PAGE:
Diffractive Optical Analysis for Refractive Index Sensing using Transparent Phase Gratings.
ABSTRACT: We report the implementation of a micro-patterned, glass-based photonic sensing element that is capable of label-free biosensing. The diffractive optical analyzer is based on the differential response of diffracted orders to bulk as well as surface refractive index changes. The differential read-out suppresses signal drifts and enables time-resolved determination of refractive index changes in the sample cell. A remarkable feature of this device is that under appropriate conditions, the measurement sensitivity of the sensor can be enhanced by more than two orders of magnitude due to interference between multiply reflected diffracted orders. A noise-equivalent limit of detection (LoD) of 6 × 10(-7) was achieved with this technique with scope for further improvement.
Project description:Diffractive optical elements can be realized as ultra-thin plates that offer significantly reduced footprint and weight compared to refractive elements. However, such elements introduce severe chromatic aberrations and are not variable, unless used in combination with other elements in a larger, reconfigurable optical system. We introduce numerically optimized encoded phase masks in which different optical parameters such as focus or zoom can be accessed through changes in the mechanical alignment of a ultra-thin stack of two or more masks. Our encoded diffractive designs are combined with a new computational approach for self-calibrating imaging (blind deconvolution) that can restore high-quality images several orders of magnitude faster than the state of the art without pre-calibration of the optical system. This co-design of optics and computation enables tunable, full-spectrum imaging using thin diffractive optics.
Project description:Purpose:To present the outcomes of hybrid multifocal and monofocal intraocular lenses (IOLs) and to compare with refractive and diffractive multifocal IOLs (MFIOLs). Methods:Three hundred twenty eyes (160 patients) underwent cataract surgery with randomized IOLs bilateral implantation. Changes in uncorrected and distance-corrected logMAR distance, intermediate and near (UNVA and DCNVA) visual acuity (VA), contrast sensitivity (CS), presence of dysphotopsia, spectacle independence, and patient satisfaction were analyzed. Results:Postoperative VA in the hybrid (OptiVis) group was improved in all distances (p < 0.001). OptiVis acted superiorly to monofocal IOLs in UNVA and DCNVA (p < 0.001 for both) and to refractive ones in DCNVA (p < 0.005). Distance, mesopic, without glare CS in OptiVis was lower than in the monofocal group and similar to other MFIOLs. No differences in dysphotopsia pre- and postoperatively and spectacle independence in near for OptiVis and refractive MFIOLs were detected. OptiVis patients were more satisfied than those with monofocal IOLs (p=0.015). Conclusions:After cataract surgery, patients with OptiVis improved VA in all distances. Near and intermediate VA was better than monofocal, and DCNVA was better than the refractive group. CS was lower in OptiVis than in the monofocal group, but there was no difference between MFIOLs. Patient satisfaction was higher in OptiVis than in the monofocal group. This trial is registered with NCT03512626.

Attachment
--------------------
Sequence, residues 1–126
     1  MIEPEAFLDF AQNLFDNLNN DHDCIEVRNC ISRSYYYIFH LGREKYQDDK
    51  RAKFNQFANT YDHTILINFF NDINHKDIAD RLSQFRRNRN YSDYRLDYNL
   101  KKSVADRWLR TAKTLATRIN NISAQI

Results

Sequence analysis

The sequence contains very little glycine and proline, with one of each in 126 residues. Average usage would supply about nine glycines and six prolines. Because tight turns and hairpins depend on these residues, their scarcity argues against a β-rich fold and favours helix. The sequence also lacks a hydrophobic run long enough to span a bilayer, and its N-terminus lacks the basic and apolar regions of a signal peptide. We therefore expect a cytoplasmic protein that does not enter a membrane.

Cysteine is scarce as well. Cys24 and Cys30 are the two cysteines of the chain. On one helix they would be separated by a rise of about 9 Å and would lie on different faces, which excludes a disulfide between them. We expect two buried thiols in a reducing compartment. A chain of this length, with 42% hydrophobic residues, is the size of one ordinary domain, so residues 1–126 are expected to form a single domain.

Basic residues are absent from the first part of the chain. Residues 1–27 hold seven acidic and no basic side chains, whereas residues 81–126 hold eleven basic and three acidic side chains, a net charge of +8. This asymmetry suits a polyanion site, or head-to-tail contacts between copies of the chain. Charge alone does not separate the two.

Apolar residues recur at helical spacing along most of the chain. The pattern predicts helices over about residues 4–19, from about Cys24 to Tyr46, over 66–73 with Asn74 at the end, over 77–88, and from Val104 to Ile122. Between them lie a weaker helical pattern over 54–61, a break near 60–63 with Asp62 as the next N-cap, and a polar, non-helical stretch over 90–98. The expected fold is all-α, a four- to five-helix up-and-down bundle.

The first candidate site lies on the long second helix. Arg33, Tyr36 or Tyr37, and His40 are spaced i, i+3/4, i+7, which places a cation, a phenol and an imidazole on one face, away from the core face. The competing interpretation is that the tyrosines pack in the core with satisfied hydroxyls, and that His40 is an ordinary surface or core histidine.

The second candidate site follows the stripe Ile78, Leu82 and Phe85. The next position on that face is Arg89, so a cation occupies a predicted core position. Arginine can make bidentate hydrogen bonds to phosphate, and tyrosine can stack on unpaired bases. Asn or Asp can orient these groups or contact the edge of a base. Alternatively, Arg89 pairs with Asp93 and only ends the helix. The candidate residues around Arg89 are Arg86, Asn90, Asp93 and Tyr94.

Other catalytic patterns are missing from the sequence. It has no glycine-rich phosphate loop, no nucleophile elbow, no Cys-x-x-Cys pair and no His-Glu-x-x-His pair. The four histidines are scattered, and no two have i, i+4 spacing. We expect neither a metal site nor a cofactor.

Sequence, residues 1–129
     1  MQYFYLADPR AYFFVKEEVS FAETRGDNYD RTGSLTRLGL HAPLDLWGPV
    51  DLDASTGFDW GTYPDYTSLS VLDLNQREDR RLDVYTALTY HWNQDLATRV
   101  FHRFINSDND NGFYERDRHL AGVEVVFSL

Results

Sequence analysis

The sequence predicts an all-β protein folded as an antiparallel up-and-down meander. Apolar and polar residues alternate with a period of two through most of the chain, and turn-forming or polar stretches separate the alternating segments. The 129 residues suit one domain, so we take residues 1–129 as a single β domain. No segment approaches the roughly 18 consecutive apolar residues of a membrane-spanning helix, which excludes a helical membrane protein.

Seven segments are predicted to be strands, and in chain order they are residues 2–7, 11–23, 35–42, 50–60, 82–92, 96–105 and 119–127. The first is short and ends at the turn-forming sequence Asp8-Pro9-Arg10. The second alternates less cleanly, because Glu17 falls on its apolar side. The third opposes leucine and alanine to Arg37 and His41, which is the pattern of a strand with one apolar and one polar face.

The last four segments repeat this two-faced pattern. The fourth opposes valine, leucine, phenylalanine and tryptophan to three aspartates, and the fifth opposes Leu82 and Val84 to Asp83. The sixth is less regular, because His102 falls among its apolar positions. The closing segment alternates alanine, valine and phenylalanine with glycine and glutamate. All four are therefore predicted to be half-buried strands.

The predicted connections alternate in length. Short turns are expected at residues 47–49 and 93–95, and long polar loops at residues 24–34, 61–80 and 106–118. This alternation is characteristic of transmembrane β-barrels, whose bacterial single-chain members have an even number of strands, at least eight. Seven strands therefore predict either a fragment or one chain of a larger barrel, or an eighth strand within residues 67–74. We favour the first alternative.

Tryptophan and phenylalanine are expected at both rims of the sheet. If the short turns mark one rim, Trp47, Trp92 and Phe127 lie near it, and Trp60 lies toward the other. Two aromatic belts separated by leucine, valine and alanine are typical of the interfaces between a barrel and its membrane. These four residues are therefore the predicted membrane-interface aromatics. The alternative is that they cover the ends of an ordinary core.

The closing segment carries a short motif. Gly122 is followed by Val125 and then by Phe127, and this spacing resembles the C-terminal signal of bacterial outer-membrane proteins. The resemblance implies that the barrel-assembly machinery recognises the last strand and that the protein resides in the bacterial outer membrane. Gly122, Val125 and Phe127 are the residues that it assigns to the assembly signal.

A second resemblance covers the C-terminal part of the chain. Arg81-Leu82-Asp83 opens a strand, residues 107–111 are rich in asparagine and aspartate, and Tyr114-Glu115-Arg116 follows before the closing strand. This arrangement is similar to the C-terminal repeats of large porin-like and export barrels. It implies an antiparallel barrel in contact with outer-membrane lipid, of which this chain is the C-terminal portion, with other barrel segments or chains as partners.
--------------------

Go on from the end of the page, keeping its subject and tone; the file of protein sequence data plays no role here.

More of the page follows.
Project description:Multilevel diffractive lenses (MDLs) have emerged as an alternative to both conventional diffractive optical elements (DOEs) and metalenses for applications ranging from imaging to holographic and immersive displays. Recent work has shown that by harnessing structural parametric optimization of DOEs, one can design MDLs to enable multiple functionalities like achromaticity, depth of focus, wide-angle imaging, etc. with great ease in fabrication. Therefore, it becomes critical to understand how fabrication errors still do affect the performance of MDLs and numerically evaluate the trade-off between efficiency and initial parameter selection, right at the onset of designing an MDL, i.e., even before putting it into fabrication. Here, we perform a statistical simulation-based study on MDLs (primarily operating in the THz regime) to analyse the impact of various fabrication imperfections (single and multiple) on the final structure as a function of the number of ring height levels. Furthermore, we also evaluate the performance of these same MDLs with the change in the refractive index of the constitutive material. We use focusing efficiency as the evaluation criterion in our numerical analysis; since it is the most fundamental property that can be used to compare and assess the performance of lenses (and MDLs) in general designed for any application with any specific functionality.